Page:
2. The management's case was that as a result of a bona fide re-organisation of the office for business purposes, and in accordance with the exercise of managerial functions, it was necessary to throw out certain employees and, therefore, the retrenchment became inevitable. The workmen, on the other hand, contended that the so-called reorganisation of the office was a mere camouflage for the purpose of effecting the retrenchment, which was mala fide, and that there-organisation of the office was not a bona fide managerial function. The Tribunal found in favour of the workmen that the re-organisation pleaded and the consequent retrenchment were mala fide. It allowed reinstatement with back wages of one of the workmen, namely, one Hussain. In regard to the rest, for reasons, which it is unnecessary to detail, it rejected the claim of the workmen and granted no relief at all to them.

3. Against the denial of relief to the workmen, O.P. No. 2710 of 1970 was filed in this Court ; and against the relief of reinstatement granted to Hussain, the respondent-company filed O.P. No. 3660 of 1970. The learned Judge dismissed O.P. No. 2710, and allowed O.P. 3660 of 1970. Hence this appeal, which is directed against the decision in both the writ petitions.

4. At the hearing, counsel for the workmen submitted that he was not pressing the appeal in so far as it is directed against the decision in O.P. No. 2710 of 1970 [denying relief to the workmen except Hussain. He pressed only the appeal in so far as it was directed against the decision in O.P. No. 3660 of 1970,viz., disallowance of the relief of reinstatement with back wages, ordered by the Tribunal.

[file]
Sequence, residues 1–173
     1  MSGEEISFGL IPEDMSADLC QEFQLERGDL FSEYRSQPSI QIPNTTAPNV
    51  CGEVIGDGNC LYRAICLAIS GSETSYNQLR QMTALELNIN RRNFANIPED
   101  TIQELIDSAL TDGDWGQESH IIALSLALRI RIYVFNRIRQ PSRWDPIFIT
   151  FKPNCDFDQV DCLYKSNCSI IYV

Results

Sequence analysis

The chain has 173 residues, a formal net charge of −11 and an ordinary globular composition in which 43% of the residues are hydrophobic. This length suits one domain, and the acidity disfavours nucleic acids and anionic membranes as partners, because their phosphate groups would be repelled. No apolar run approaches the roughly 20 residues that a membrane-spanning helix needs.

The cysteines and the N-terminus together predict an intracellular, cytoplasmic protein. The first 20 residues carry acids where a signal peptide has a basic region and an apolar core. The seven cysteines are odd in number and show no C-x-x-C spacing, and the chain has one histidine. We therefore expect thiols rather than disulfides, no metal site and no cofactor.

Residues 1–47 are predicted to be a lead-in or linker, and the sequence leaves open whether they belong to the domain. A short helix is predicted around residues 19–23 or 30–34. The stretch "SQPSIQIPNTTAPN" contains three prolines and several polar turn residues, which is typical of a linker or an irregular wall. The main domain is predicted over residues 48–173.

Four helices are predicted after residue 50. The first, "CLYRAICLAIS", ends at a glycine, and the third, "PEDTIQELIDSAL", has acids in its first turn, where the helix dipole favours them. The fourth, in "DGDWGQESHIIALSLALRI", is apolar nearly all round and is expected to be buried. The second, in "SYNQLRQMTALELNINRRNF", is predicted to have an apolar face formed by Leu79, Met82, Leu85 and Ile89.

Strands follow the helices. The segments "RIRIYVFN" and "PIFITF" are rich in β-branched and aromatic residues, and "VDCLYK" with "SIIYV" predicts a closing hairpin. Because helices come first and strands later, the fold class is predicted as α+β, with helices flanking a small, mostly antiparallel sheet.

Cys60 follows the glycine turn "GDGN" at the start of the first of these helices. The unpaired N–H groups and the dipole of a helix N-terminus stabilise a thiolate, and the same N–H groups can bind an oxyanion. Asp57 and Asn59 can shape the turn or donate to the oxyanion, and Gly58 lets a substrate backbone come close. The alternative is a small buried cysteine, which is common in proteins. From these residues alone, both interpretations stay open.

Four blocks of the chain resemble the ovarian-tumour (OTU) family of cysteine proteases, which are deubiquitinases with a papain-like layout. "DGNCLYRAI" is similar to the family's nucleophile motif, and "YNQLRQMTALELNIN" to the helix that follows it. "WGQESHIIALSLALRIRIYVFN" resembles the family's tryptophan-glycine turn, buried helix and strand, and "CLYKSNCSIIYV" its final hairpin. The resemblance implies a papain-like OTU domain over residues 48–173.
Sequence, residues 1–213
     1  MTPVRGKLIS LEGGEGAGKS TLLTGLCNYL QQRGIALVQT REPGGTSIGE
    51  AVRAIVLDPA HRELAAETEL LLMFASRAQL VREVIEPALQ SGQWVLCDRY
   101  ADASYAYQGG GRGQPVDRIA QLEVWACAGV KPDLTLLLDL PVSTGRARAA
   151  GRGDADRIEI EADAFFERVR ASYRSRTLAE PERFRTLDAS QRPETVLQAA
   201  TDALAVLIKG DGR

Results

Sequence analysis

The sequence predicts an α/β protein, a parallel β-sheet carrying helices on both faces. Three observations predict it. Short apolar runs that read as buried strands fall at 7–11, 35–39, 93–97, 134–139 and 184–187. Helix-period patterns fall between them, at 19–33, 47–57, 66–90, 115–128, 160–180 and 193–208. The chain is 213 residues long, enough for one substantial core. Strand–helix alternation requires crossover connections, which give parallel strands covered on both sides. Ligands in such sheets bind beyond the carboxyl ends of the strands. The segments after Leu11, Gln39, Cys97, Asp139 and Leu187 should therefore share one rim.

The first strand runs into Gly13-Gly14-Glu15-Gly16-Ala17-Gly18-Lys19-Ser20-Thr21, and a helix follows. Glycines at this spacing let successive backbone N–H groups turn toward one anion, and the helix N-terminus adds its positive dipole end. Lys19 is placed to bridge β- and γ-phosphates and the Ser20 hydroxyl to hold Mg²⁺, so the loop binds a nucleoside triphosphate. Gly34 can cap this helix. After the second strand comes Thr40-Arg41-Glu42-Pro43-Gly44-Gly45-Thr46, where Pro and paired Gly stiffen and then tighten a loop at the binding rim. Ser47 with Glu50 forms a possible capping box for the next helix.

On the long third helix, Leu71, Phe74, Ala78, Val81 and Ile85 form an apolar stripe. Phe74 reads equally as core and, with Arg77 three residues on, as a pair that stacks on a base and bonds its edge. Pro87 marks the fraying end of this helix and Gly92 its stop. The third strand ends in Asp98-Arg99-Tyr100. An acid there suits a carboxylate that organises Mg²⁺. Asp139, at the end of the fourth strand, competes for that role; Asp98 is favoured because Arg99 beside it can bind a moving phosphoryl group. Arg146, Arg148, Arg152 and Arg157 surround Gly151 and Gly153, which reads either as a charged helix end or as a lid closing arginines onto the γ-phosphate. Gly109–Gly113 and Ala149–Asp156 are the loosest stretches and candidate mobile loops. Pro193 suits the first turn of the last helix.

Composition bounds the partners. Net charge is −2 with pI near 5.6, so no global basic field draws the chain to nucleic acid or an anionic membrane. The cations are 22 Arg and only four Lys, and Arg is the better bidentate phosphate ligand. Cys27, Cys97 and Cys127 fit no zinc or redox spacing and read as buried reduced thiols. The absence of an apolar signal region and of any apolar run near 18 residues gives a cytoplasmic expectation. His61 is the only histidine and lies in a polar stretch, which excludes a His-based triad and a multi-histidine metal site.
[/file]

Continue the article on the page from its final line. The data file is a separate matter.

5. The conclusion of the Tribunal that there was no bonafide re-organisation of the office and that, therefore, the retrenchment of the workmen concerned was mala fide, was based on the following reasons. First, that no reference at all was made to the actual or proposed re-organisation of the office in the accounts and the annual report of the company for the year 1966-67 (copy of which was filed as Ext. M-10 before the Tribunal). It also commented that if the re-organisation which resulted in the retrenchment was in fact effected the company should have produced the documents in their possession to evidence the same and this had not been done. Secondly, that when the District Labour Officer issued notice to the management, dated 24-10-1966, followed by a reminder dated 14-11-1966, the management replied by its letter dated 25-11-1966 (marked Ext. W.9 before the Tribunal), stating that they were studying union's demands and requesting not to commence conciliation proceedings. By yet another letter (filed as W. 8 before the Tribunal) it requested the Conciliation Officer to fix the date for the conference to some other date. It was thereafter that the retrenchment was effected on 25-12-1966. with effect from 1-1-1967.... In the circumstances, and on these facts, the Tribunal was of the opinion that under the guise of giving the impression, that the demand of the union was being studied and considered, the management had put through the impugned retrenchment. Thirdly, that in the orders of appointment given to the workmen concerned (filed before it as Ex. M 4 series) one of the conditions of service was that although they were appointed to the Cochin division, they can be transferred to any other section of the department in any office of the company throughout India on an identical grade; and that the management had not established that retrenchment of the workmen was necessary and inevitable and could not be avoided by taking action under this clause, Fourthly, that one of the workmen, namely, one Moorthy, was transferred as sales-representative to the Madras branch, and in so far as the petitioners were not similarly dealt with, there was discrimination (as the Tribunal put it). It was on a cumulative assessment of these considerations that the Tribunal recorded its finding that retrenchment was mala fide.